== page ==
I think that if you enjoy city building games, and can either pony up the cash to speed up the gameplay or are patient enough to play for just a few minutes a day, this might be fun. If you’re willing to pony up, Quest for Stuff uses the same model as most Freemium Games: in game currency. You can spend quite a bit of money here, so don’t say you won’t warned. Fans of Family Guy will find a huge array of in jokes and characters included, so it is worth playing around with.
What’s Good: Fun Family Guy jokes and characters.
What Sucks: Freemium relies on long waits to try and get you cave in for in game currency.
Buy it?: Fans of the show, and only those with patience for the worst sort of freemium model, should check out Family Guy: The Quest for Stuff. Download it for free on the App Store.
Monument Valley – iOS(Universal)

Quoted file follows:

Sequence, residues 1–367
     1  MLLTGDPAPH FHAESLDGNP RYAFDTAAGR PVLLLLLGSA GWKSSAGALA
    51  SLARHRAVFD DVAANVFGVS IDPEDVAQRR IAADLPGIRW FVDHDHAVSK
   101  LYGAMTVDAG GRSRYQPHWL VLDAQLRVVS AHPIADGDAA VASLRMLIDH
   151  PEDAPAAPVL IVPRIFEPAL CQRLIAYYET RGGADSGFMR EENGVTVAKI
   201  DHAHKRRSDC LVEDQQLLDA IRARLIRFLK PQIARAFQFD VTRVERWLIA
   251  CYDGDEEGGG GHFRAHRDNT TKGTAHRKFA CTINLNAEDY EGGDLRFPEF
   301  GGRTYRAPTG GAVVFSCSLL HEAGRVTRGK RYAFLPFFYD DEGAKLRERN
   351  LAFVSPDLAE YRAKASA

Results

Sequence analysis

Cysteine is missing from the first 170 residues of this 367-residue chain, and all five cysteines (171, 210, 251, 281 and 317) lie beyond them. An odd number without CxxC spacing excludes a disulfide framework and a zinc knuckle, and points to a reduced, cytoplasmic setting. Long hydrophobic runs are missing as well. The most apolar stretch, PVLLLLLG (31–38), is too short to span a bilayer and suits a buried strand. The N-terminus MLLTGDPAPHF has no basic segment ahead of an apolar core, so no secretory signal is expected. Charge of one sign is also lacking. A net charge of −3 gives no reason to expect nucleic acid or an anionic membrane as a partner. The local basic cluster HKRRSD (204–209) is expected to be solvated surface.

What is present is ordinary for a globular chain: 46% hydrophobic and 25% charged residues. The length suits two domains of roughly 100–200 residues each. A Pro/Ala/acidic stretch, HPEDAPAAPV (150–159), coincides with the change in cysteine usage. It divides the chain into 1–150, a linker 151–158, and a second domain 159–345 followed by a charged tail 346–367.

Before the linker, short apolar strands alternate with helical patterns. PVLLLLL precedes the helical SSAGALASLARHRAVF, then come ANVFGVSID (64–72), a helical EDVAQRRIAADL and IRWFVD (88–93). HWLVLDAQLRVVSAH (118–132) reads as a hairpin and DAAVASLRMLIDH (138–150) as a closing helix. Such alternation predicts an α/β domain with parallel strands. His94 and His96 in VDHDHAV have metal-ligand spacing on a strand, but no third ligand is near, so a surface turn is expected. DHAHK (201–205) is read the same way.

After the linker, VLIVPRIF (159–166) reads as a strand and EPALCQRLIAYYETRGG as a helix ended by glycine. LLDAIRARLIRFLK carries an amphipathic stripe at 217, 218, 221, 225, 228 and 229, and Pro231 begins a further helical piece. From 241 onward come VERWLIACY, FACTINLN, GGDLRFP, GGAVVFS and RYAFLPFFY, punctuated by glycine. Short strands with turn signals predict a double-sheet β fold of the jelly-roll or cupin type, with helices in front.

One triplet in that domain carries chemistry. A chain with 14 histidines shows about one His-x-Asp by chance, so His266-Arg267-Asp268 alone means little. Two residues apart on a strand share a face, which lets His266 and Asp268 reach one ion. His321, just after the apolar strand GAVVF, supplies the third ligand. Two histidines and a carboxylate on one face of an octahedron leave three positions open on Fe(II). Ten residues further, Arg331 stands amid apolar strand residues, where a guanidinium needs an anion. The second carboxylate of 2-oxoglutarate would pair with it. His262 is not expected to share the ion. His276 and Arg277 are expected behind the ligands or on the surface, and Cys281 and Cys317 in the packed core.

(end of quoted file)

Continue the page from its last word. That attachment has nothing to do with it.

A lot of the reviews of Monument Valley mention its similarity to the PSP/PS3 game Echochrome. Though it shares the mechanic of twisting a shape in 3D to manipulate paths with Echochrome, Monument Valley has a lot more going on. Rather than just simply manipulating paths, there are levers and switches that change the levels. The levels themselves are designed well enough to be characters in their own right. Speaking of, this game is light on characters, you play the lost Princess, and you keep meeting a ghost who gives you clues to the nature of your character’s past. That’s it for the main cast. Scattered throughout the levels is a race of crow people who squawk at you and block your path. That’s it for the supporting cast. There are ten levels to the game, each is a monument that has been forgotten. These have some amazing design work, and break up into several parts. My favorite level is one that looks like a castle and you open it from different sides to turn on lights in each parapet. It plays with both dimensions and causality in a way that feels exciting.